The Pugwash Conferences
Eaton gained visibility outside the business community in the 1950s, when he became an ardent critic of the United States foreign and military policies during the Cold War. He became particularly controversial for engaging in personal diplomacy between the United States and communist countries in an effort to promote friendlier relations and more trade between the ideologically opposed segments of the world’s economy.
Eaton also gave personal and financial support to efforts to limit the nuclear arms race, and was involved in founding and financing the original Pugwash Conferences on Science and World Affairs, which took their name from Eaton’s hometown of Pugwash, Nova Scotia where the first meeting was held in July 1957 at his summer estate overlooking the Northumberland Strait.
The Pugwash Conferences were ultimately awarded the Nobel Peace Prize in 1995. Eaton's 1950s efforts at rapprochement with the Soviet Union won him the 1960 Lenin Peace Prize. He was dubbed "the Kremlin's favorite capitalist". He was elected a Fellow of the American Academy of Arts and Sciences in 1958.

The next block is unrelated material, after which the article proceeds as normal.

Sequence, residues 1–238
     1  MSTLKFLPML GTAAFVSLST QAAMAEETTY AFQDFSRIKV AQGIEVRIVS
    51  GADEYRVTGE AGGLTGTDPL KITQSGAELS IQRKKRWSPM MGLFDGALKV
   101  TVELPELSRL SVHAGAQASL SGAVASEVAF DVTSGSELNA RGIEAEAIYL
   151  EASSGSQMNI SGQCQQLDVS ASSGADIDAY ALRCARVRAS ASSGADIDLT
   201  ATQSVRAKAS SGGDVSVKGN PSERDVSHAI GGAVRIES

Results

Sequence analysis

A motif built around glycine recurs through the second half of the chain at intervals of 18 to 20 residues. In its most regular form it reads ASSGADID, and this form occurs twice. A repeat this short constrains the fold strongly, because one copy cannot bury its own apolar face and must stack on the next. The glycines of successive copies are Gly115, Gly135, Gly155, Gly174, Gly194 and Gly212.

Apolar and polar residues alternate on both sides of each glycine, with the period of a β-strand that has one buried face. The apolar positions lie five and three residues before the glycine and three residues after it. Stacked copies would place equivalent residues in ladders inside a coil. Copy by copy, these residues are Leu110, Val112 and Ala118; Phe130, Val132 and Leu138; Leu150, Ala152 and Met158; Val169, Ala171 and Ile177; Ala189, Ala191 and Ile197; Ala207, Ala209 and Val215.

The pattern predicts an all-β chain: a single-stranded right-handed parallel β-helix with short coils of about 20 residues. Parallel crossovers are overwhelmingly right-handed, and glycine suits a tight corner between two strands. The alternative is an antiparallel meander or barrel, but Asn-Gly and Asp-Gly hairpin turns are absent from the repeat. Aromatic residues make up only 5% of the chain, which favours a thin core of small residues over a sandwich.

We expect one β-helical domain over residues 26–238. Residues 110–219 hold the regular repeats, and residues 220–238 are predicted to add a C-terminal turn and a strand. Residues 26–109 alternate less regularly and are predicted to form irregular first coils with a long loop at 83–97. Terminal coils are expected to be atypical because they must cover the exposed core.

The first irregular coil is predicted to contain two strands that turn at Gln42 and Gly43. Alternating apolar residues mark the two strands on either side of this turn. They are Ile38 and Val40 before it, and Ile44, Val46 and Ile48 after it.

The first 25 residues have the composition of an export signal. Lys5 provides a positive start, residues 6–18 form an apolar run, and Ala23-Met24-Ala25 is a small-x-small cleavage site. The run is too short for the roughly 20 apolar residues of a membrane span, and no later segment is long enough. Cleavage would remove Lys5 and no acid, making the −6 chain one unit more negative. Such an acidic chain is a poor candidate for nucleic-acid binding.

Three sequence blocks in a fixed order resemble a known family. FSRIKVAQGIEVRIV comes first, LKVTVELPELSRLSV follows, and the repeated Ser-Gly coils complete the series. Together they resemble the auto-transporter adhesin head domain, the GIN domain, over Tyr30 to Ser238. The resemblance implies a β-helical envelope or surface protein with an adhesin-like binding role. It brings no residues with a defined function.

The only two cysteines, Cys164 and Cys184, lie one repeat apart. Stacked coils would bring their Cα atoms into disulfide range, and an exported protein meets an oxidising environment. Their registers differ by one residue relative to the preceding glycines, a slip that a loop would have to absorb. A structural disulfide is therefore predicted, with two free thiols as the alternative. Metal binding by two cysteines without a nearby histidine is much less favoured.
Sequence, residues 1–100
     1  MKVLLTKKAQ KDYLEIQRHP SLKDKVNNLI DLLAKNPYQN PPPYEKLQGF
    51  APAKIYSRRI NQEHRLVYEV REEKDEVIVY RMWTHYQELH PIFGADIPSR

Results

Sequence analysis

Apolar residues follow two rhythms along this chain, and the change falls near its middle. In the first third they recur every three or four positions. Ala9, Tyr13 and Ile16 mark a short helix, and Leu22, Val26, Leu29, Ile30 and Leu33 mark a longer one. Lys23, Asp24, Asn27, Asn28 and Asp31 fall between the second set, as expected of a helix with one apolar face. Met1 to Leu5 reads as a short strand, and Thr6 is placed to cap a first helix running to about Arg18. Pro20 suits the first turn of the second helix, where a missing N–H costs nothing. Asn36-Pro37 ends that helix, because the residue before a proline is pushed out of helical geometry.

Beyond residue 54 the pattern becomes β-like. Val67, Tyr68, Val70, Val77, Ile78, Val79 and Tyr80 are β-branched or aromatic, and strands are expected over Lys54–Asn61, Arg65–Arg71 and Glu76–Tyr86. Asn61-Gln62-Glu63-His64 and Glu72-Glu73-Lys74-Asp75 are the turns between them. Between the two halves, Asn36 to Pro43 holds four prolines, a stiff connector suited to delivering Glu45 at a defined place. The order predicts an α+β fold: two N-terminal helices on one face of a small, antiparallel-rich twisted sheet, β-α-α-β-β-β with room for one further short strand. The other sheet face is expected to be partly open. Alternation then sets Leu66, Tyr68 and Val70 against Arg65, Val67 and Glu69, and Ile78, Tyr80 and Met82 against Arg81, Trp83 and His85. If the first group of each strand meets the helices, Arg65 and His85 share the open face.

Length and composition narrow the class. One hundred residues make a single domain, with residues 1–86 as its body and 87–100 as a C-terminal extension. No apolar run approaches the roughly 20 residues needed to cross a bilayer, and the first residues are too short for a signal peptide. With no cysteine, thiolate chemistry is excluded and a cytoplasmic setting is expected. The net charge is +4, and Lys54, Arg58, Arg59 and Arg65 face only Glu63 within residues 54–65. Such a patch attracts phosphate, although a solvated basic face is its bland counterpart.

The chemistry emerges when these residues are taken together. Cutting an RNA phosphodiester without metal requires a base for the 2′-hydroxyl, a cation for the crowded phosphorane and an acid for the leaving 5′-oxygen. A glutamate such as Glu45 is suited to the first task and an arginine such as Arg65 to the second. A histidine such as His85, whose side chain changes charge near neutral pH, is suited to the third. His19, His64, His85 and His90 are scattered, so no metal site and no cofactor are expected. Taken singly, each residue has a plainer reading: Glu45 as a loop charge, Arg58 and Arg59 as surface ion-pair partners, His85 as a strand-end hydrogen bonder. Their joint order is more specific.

Eaton had an estate in Blandford, Nova Scotia and create a wildlife reserve on the Aspotogan Peninsula.
Eaton died at his home in Northfield, Ohio at age 95.
In 1994, a residential developer bought Eaton's estate in Sagamore Hills, Ohio, a village 15 miles (24 km) southeast of Cleveland, Ohio and 20 miles (32 km) north of Akron, Ohio. The Eaton Estate had an area measuring approximately 200 acres (0.81 km2) and the developer constructed over 300 houses ranging in prices of $250,000 to about $500,000. Street names in the development called "Eaton Estates" include Pugwash, McMaster, and Republic as an homage to Cyrus Eaton.
The elementary school in Pugwash is named Cyrus Eaton Elementary School in honor of him.
Lee Eaton Elementary School in Northfield, Ohio was named after the daughter (Lee) of Cyrus Eaton who donated 12 acres (49,000 m2) of land for the school in memory of his daughter. In his dedication speech Mr. Eaton stated, “I hope the children of this school will make the most of their opportunity to know the best of both the country and the city”.
- ^ www.nseaton.org: Cyrus Stephen Eaton, 1883-1979
- ^ www.nseaton.org: John Eaton 1590-1668
- ^ www.nseaton.org: David Eaton 1729-1803
- ^ www.nseaton.org: Amos Eaton 1785-1862
- ^ "Book of Members, 1780-2010: Chapter E". American Academy of Arts and Sciences. http://www.amacad.org/publications/BookofMembers/ChapterE.pdf. Retrieved 7 April 2011.
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Look at other dictionaries: